gasoline nozzle


1.  Newbie alert! Zoe M. McCarthy teaches on characters saying and doing only things that have purpose. Her examples are stellar. Don't miss this learning/refresher opportunity.

2.  Kathleen Rouser posts at Seriously Write about taking time to refuel. One of the things I did when beginning this journey was to give up most of my hobbies. I dabbled at a few here and there, but I devoted all my energies to writing. I soon found myself drained. Check out this post and give yourself the opportunity to refuel.

3.  Breaking Christian News reports that Montana's Attorney General invited Chik-Fil-A to open more restaurants in his state. Other states have openly tried to ban the fast-food giant because of their Biblical values. (I've noticed that many stores do not carry gift cards for this restaurant. The culture wars are real, people!)

4.  Rhonda Rhea, at The Write Conversation, gives a humorous analogy on grace.

5.  I'm always looking for ways to make both cooking and cleaning easier. I found this cleaning hack for the bathtub on Pinterest (of course). One Good Thing shows how Dawn Dish Detergent and a clean broom (a cheapie one from the Dollar Store) can be a game changer for those with aching knees and backs.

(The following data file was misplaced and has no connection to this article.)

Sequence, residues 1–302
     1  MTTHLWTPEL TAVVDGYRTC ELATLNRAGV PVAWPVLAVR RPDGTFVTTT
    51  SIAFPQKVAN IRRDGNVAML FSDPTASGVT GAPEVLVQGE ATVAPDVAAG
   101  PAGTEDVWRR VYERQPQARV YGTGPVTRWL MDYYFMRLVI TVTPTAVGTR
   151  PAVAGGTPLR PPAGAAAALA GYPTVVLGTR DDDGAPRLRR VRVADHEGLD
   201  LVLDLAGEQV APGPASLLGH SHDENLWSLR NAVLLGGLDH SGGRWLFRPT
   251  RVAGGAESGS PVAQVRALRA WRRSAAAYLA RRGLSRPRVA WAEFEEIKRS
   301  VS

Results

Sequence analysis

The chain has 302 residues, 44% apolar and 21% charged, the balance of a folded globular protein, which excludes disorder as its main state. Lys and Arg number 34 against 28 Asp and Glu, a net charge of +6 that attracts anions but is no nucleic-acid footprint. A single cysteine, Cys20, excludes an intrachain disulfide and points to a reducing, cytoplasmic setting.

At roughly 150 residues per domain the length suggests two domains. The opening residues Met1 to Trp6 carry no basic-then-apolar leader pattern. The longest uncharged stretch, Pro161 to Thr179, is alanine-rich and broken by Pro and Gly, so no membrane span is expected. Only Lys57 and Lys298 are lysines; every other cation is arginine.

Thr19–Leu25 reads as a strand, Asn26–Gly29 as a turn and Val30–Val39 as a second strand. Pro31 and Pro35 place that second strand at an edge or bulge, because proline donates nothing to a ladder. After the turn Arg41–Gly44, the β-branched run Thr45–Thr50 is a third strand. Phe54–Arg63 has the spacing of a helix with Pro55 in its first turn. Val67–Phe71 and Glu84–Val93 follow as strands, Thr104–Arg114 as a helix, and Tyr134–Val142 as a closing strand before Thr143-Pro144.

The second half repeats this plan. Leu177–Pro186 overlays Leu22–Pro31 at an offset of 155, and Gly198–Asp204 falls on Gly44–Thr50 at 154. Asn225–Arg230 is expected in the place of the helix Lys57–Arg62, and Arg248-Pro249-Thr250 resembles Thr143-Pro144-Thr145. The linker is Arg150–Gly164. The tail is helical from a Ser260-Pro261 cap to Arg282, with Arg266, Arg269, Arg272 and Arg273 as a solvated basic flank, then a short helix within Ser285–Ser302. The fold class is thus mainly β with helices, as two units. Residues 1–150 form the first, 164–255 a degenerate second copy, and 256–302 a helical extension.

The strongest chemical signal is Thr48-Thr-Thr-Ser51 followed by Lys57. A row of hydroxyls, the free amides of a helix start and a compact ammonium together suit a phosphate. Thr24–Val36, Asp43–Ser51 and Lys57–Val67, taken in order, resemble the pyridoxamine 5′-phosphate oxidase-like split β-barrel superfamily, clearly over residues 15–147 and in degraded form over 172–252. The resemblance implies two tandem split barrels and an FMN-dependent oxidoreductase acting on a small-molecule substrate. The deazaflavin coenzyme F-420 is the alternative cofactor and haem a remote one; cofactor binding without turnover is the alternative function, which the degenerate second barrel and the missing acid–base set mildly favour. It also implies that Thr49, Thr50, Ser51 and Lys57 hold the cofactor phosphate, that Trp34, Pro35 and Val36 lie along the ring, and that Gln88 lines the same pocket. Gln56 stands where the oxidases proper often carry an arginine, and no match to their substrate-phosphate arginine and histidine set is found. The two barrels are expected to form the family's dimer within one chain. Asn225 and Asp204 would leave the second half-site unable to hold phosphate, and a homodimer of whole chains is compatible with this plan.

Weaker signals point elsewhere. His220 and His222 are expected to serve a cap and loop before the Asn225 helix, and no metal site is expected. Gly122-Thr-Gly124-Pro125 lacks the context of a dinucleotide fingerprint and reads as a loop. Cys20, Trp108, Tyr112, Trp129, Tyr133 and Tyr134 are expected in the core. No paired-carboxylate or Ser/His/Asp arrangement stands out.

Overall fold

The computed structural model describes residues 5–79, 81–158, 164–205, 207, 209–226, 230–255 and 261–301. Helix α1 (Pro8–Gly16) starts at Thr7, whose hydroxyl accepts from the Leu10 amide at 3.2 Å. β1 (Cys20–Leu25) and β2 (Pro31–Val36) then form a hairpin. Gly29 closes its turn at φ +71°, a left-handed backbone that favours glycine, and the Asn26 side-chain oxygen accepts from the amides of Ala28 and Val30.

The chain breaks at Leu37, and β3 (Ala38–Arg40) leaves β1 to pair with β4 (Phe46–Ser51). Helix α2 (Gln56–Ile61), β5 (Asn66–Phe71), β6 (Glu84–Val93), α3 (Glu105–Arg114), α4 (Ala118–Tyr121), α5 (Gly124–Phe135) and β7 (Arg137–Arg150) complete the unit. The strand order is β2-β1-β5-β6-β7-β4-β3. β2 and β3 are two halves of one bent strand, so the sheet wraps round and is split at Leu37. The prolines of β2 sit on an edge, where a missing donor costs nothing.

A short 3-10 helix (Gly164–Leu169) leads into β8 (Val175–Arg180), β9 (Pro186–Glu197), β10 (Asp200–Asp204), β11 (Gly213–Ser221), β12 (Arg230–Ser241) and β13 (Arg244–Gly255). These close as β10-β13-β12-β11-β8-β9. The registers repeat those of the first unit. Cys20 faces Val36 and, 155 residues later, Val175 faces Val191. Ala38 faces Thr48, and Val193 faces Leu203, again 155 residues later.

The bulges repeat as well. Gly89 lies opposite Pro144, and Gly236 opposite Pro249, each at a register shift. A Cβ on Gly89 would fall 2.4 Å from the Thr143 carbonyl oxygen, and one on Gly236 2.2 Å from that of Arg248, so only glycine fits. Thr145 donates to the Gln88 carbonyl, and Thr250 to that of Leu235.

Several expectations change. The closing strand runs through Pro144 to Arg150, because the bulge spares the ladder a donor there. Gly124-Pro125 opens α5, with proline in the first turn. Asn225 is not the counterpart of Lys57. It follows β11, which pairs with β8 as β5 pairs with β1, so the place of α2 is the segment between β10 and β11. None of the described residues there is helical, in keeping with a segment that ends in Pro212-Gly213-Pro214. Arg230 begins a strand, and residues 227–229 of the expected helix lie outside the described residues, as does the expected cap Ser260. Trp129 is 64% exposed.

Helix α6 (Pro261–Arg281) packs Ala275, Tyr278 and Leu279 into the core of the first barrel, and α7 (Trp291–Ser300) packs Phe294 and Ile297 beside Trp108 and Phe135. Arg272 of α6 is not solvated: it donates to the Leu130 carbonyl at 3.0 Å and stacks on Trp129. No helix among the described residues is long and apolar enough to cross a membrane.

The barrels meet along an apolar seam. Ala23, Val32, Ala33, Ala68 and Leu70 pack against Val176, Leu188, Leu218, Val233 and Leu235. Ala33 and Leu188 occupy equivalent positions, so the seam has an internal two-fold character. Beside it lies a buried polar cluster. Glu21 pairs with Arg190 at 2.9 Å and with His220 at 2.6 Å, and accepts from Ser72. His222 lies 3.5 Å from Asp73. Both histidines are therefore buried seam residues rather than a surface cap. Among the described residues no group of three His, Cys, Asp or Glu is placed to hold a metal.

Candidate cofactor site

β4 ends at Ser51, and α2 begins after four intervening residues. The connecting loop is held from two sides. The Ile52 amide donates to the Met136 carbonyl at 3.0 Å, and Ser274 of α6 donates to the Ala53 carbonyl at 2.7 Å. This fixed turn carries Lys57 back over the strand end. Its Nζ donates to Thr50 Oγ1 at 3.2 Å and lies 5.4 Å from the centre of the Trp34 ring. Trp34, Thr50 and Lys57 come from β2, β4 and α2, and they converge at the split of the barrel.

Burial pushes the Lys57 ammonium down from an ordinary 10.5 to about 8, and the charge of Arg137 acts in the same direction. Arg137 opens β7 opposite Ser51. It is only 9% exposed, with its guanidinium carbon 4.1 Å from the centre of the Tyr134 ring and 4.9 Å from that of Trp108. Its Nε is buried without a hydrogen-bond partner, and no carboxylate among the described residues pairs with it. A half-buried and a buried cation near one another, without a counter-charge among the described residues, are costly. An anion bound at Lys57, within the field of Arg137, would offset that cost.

P.S. I tried this method with mixed results. Maybe I didn't let the Dawn Dish Detergent sit long enough, but I wasn't overly impressed with how well it cleaned my circa 1950's bathtub. I'll read the article again and give it another go. Let me know how it works for you.

Writers:  What is the most challenging aspect of dialogue for you? Please share.

Readers:  What is your favorite part of reading? The researched items? The dialogue? The storyline? Some other part? Please share your thoughts.

Photo Credit:  Michael Lorenzo

Friday, May 10, 2019

P.R.A.Y./Productive Writer/Persecution in China/Devo/Flowers

allium christophii plants


1.  Being stuck for words is a real bummer. I'm a writer. So how do I get past this? Tammy Karasek posts on this subject at, "The Write Conversation," using the acronym, P.R.A.Y.